The gathering, the church service, the mass is a time of prayer, it is a time waiting on Jesus, listening to Him, seeing His love revealed and given to us, not just taught to us. Our times of prayer, of spending time contemplating and meditating on His word is similar. This is why the early Lutheran priests talked about prayer as a sacrament, it is why the ancient church fathers talked about how we pray is how we believe, and why the dedication of Solomon’s temple talked all about “when people pray”.
Spend time with God, talk, listen, ask for insight, ask to understand, that what you experience may be an integral part of your life, a delight, and that it may flow from you to others.
I pray that you see revealed and experience the peace of God which passes all understanding, and that found in the presence of Christ, you know He will keep your heart and mind safe in that peace. AMEN!
Escriva, Josemaria. The Forge (Kindle Locations 2156-2159). Scepter Publishers. Kindle Edition.
Devotional Thought of the Day:
7 And God’s peace, which is far beyond human understanding, will keep your hearts and minds safe in union with Christ Jesus. 8 In conclusion, my friends, fill your minds with those things that are good and that deserve praise: things that are true, noble, right, pure, lovely, and honorable. 9 Put into practice what you learned and received from me, both from my words and from my actions. And the God who gives us peace will be with you.
Philippians 4:7-9 (TEV)
How does your heart stand with regard to God Himself? Does it delight in the remembrance of God? Does this remembrance leave an agreeable sweetness behind it? “Ah!” said David, “I remembered God and was delighted.” Do you find a certain propensity in your heart to love God and a particular satisfaction in relishing that love? Does your heart feel joy in reflecting on the immensity, goodness, or sweetness of God? If the remembrance of God comes to you amidst the occupations and vanities of the world, does it make room for itself? Does it seize upon your heart? Does it seem to you that your heart turns in that direction, and, is it were, runs to meet God? Certainly, there are such souls to be found.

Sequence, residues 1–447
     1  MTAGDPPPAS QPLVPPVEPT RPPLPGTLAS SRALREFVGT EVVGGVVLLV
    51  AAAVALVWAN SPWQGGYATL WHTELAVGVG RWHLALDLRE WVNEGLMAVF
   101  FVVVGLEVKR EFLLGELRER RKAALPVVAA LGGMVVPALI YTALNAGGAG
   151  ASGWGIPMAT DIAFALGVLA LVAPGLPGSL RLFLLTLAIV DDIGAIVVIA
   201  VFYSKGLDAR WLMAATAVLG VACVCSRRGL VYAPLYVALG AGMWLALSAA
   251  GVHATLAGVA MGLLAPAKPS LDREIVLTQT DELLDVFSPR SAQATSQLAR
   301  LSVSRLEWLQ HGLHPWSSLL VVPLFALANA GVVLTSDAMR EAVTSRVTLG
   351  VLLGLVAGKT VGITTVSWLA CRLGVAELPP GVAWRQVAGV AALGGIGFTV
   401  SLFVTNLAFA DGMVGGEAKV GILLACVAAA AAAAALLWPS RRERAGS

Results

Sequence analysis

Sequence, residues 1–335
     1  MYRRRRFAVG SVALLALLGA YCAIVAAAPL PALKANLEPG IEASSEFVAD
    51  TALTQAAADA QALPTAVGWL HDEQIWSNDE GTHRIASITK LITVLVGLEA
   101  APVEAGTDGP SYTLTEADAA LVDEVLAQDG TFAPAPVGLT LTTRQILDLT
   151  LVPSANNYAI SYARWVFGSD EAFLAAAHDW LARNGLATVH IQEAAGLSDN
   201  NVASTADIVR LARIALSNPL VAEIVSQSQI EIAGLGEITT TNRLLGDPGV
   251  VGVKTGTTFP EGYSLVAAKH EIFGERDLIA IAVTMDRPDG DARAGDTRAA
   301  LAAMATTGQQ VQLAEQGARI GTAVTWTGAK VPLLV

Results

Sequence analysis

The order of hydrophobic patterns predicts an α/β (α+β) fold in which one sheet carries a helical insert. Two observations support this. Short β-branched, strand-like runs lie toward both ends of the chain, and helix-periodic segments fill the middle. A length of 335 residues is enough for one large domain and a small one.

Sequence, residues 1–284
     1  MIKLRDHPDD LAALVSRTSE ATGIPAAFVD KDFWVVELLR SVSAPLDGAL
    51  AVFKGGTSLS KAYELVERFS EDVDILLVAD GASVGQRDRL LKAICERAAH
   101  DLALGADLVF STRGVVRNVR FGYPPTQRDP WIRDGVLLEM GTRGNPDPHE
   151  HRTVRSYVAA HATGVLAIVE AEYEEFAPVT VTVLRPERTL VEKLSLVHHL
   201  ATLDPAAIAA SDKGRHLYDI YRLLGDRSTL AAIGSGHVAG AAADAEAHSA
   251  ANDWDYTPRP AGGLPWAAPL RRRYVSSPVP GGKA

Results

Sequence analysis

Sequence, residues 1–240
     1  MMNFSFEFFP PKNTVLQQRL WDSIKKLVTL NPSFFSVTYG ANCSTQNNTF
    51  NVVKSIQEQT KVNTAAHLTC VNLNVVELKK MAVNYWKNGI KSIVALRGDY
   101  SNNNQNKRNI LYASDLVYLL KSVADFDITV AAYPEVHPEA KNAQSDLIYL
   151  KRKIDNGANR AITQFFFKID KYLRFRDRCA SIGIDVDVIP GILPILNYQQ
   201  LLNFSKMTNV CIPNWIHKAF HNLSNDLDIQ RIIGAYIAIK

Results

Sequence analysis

We all have our breaking point. It may not be caused by the same stresses, the same anxieties, the same temptations, but each of us has a point where we lose focus.
Without regular self-examination, it is all too common for such a breaking point to catch us off guard. Without a regular time of giving to God our sin and the unrighteousness we deal with, we are setting ourselves up as easy targets.
One of the things to consider is what is our heart resonating with? Is it the kind of things Paul urges us to think of in Phil 4:8 above? Are we rejoicing when we consider our time with God?
Or is our heart being torn apart by cynicism, by gossip and complaining? Does our time feed such bitter things captivate us? Are we devoting that time to that which is depraved or immoral? ( we might not even realize it is so…)
The good stuff in Philippians, and in the quote from St Francis De Sales isn’t self-generated. It isn’t something we can just make up our mind and focus upon. It comes from being sure we dwell in God’s peace. It is about relaxing in the presence of God, sure that He is our fortress, our strength, our life. It is our focus because that is what is, when we are aware of His presence. It is a more “natural” way of existence. That is why Paul surrounds this second about our minds being filled with good things with the thought of God giving and preserving our peace.
The key then is the presence of the Holy Spirit, the comforter, the Lord of Life who calms our hearts and sets them at peace. The Spirit who cleanses us from the brokenness of the world, and heals our souls.
As we open ourselves up to the Spirit, as we search for Him and find He is here, we desire Him more, we desire His presence more, and we see the difference it makes as being a difference the world needs, that our neighbors and family and friends need. For we need it, and are amazed the need is so completely met by the Holy Spirit.
This is the Christian faith, the dependence on God’s presence that makes everything beautiful, everything precious, everything good.
May we desire His precence more and more. AMEN!
Francis de Sales, Saint. An Introduction to the Devout Life. Dublin: M. H. Gill and Son, 1885. Print.
Devotional Thought fo the Day:
19 This, then, is how we will know that we belong to the truth; this is how we will be confident in God’s presence. 20If our conscience condemns us, we know that God is greater than our conscience and that he knows everything. 21And so, my dear friends, if our conscience does not condemn us, we have courage in God’s presence. 22We receive from him whatever we ask, because we obey his commands and do what pleases him. 23What he commands is that we believe in his Son Jesus Christ and love one another, just as Christ commanded us. 24Those who obey God’s commands live in union with God and God lives in union with them. And because of the Spirit that God has given us we know that God lives in union with us. 1 John 3:19-24
386 You lack faith… and you lack love. Were it not so you would go immediately and much more often to Jesus, asking for this thing and that. Don’t delay any further; call out to him and you will hear Christ speaking to you: “What do you want me to do for you?” Just as when he stopped for that poor blind man by the roadside who continued to insist, without giving up.
To write on prayer is challenging.